Seeing is believing, or is it?

March 26th, 2008 - 3:16 pm ICT by admin  

New York, March 26 (IANS) People do see objects but it is the assumptions they make about them that colour their perceptions. A study has thrown up insights into how the brain and the eye work together to interpret daily sights.

The study sought to discover how people visually interpret a changing or uncertain environment in the absence of common visual assumptions.

The study also suggests that when in doubt, people are biased towards believing that they were looking directly at what they have seen.

Prior studies have confirmed that people’s familiarity with the world around them allows them to make credible assumptions about what they see.

Eight subjects participated in two experiments to identify the location of a jumping target (a circular green cursor). In the first session, the target jumped to different locations within five concentric circles (arranged around a fixation point) every 250 milliseconds.

The subjects had to position a mouse cursor at the location where the target had been at the moment of a flash. The second session mimicked the first except a tone replaced the flash. Each session continued until subjects made 250 responses.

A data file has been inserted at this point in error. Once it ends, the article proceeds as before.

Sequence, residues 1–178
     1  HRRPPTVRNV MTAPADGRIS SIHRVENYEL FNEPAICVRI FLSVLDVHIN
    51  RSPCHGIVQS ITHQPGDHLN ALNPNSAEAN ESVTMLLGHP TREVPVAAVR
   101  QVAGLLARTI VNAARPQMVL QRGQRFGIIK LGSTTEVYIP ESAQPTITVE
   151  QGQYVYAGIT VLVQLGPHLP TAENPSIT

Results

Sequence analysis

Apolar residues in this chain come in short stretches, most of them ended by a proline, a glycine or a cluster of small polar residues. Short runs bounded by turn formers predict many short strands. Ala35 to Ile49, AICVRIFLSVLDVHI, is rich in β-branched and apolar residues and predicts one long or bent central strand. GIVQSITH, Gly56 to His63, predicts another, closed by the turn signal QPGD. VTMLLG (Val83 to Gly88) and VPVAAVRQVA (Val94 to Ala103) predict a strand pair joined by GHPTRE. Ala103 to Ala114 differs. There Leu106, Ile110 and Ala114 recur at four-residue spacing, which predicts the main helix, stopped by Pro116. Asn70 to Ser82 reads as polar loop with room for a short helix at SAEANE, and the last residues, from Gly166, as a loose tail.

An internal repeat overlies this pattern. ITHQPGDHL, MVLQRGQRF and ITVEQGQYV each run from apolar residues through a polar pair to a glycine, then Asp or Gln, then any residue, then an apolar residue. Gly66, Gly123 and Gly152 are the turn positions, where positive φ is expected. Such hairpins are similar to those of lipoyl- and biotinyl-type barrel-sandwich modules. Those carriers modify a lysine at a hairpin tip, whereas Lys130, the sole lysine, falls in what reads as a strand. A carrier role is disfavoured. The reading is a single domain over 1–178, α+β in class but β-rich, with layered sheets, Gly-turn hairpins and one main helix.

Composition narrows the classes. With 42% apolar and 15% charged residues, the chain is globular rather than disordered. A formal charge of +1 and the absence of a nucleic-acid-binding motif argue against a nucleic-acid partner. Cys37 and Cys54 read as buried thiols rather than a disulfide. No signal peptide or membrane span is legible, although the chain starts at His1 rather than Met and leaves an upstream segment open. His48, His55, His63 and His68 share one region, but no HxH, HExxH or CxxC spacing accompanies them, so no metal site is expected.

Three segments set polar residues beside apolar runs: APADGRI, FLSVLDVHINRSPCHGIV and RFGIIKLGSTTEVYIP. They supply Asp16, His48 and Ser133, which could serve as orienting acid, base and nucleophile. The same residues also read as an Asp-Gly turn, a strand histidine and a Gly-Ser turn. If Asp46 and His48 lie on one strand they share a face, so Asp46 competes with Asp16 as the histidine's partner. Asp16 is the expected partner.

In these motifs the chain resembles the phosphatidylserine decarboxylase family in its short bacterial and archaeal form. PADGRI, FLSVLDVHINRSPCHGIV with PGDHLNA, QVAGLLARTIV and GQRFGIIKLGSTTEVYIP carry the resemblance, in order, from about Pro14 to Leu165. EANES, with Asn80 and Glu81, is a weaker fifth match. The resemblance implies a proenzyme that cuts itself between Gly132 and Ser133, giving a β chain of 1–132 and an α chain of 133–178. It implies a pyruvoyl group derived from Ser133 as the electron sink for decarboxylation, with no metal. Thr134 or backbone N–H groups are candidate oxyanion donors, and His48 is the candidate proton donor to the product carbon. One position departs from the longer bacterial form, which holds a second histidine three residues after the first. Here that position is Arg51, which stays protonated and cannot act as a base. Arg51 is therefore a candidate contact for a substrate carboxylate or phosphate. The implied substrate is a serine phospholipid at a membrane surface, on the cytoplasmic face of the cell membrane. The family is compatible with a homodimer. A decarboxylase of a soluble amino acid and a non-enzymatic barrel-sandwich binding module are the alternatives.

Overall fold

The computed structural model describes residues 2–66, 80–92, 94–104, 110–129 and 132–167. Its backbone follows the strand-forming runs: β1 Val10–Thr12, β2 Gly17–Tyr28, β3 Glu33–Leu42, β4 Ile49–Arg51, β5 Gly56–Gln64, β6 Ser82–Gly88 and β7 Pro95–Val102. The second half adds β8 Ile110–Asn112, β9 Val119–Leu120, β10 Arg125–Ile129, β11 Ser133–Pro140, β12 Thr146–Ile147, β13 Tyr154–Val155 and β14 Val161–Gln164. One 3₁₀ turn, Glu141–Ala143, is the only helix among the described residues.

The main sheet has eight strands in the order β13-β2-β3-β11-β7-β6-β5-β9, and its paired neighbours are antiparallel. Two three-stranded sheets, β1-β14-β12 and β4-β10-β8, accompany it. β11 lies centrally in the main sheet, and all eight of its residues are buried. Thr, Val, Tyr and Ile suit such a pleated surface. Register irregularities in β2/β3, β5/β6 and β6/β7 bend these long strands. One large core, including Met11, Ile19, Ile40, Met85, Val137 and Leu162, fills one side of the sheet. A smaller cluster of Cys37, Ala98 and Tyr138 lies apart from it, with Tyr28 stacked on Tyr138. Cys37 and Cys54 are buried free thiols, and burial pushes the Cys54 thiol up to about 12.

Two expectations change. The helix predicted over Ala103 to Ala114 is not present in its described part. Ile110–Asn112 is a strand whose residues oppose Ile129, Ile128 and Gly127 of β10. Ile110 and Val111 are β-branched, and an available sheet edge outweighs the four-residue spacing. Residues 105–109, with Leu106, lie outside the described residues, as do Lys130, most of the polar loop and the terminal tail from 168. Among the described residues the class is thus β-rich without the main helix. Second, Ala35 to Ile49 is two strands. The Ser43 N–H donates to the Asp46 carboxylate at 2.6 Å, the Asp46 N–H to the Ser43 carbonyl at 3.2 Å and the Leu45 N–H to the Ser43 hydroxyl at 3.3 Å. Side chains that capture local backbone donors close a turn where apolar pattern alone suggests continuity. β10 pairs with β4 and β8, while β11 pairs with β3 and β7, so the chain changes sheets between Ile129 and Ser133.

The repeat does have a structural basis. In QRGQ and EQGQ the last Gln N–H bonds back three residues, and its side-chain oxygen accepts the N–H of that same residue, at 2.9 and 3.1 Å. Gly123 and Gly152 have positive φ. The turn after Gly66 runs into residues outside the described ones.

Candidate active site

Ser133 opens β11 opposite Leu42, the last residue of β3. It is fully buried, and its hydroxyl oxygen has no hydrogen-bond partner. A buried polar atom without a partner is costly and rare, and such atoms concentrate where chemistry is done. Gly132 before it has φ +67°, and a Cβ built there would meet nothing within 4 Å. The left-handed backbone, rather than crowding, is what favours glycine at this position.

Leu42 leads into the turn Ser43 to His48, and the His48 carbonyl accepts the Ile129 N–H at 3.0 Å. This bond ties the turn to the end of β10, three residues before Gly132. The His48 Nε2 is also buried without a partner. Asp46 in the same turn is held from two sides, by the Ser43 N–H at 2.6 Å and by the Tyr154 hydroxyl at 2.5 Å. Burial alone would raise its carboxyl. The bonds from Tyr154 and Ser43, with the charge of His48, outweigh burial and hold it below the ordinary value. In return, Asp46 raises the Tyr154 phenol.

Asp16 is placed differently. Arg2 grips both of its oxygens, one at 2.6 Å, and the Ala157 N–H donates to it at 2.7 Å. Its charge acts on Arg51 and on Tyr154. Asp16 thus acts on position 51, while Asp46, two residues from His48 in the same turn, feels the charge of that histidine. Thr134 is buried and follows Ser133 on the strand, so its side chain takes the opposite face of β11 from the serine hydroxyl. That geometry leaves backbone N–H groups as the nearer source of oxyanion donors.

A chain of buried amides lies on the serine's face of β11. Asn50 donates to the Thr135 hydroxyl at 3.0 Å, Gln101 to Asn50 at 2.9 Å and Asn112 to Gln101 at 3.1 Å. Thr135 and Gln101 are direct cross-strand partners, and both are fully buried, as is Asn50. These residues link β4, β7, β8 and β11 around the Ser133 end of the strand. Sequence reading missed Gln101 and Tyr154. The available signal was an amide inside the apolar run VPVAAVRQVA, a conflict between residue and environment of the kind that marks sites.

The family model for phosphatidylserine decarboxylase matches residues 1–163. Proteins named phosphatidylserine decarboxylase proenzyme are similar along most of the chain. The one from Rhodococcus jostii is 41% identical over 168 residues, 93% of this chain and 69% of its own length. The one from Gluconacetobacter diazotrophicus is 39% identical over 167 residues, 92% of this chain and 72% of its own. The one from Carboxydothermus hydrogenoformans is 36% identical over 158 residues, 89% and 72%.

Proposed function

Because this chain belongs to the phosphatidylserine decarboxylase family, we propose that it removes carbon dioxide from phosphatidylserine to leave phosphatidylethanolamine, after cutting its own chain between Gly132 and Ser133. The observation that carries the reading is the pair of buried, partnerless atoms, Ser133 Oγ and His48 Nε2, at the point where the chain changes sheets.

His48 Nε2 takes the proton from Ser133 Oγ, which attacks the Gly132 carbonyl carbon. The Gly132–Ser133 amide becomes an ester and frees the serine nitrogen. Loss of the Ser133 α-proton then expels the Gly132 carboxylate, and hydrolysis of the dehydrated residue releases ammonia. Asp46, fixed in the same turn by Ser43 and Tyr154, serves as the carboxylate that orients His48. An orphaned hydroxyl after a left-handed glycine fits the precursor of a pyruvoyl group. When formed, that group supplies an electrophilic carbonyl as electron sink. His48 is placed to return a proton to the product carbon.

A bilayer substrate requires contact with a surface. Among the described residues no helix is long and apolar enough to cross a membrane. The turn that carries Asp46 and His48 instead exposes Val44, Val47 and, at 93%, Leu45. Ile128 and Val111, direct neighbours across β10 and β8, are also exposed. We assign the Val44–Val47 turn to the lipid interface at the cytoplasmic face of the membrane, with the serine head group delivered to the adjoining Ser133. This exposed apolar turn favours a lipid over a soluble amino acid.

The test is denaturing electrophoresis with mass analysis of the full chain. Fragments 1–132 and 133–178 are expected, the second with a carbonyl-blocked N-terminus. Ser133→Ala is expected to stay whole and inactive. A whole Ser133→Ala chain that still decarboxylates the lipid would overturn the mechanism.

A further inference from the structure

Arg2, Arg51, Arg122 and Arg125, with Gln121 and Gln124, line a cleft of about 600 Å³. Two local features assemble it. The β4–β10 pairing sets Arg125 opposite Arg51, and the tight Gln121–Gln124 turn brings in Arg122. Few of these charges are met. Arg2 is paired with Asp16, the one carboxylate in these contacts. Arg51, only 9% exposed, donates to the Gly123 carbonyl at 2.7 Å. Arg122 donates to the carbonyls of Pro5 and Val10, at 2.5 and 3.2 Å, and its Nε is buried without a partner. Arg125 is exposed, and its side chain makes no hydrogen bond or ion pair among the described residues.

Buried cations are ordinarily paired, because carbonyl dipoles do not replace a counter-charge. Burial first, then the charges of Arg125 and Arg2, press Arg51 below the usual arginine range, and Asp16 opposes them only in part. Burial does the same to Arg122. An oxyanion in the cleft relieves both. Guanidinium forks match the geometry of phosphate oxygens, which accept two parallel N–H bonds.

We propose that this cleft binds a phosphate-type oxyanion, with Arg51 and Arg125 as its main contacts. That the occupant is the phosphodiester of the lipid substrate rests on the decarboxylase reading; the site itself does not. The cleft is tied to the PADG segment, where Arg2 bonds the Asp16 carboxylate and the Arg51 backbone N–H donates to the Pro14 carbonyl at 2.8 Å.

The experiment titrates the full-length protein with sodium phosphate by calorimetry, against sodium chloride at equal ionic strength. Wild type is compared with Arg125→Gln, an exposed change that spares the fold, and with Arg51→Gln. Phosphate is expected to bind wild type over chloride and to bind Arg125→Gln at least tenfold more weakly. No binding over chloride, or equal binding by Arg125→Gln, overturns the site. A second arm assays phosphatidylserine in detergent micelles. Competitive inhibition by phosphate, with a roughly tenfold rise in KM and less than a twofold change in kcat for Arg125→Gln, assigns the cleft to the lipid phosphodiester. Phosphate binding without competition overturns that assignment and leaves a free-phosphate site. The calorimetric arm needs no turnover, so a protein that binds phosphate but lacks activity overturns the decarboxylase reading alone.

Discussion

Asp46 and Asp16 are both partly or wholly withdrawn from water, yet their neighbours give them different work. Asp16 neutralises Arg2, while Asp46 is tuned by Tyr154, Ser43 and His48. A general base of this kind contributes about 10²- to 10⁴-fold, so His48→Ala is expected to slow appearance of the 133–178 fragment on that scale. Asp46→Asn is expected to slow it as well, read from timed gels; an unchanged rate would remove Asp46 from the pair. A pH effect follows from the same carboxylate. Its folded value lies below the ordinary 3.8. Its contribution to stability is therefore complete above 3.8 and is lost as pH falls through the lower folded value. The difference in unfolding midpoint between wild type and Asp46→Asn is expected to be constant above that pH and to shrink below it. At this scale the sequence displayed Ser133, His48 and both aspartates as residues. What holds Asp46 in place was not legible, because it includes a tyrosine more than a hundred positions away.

The authors found that participants clearly preferred to select target positions nearer to where their eyes were looking. This finding held true whether a tone or a flash indicated the moment of interest.

“Without making assumptions about our environment, our possibilities for interpreting visual stimulation would be quite limited,” explained EM Brenner of Vrije Universiteit, Amsterdam, who led the research team.

The study appeared in the Journal of Vision.

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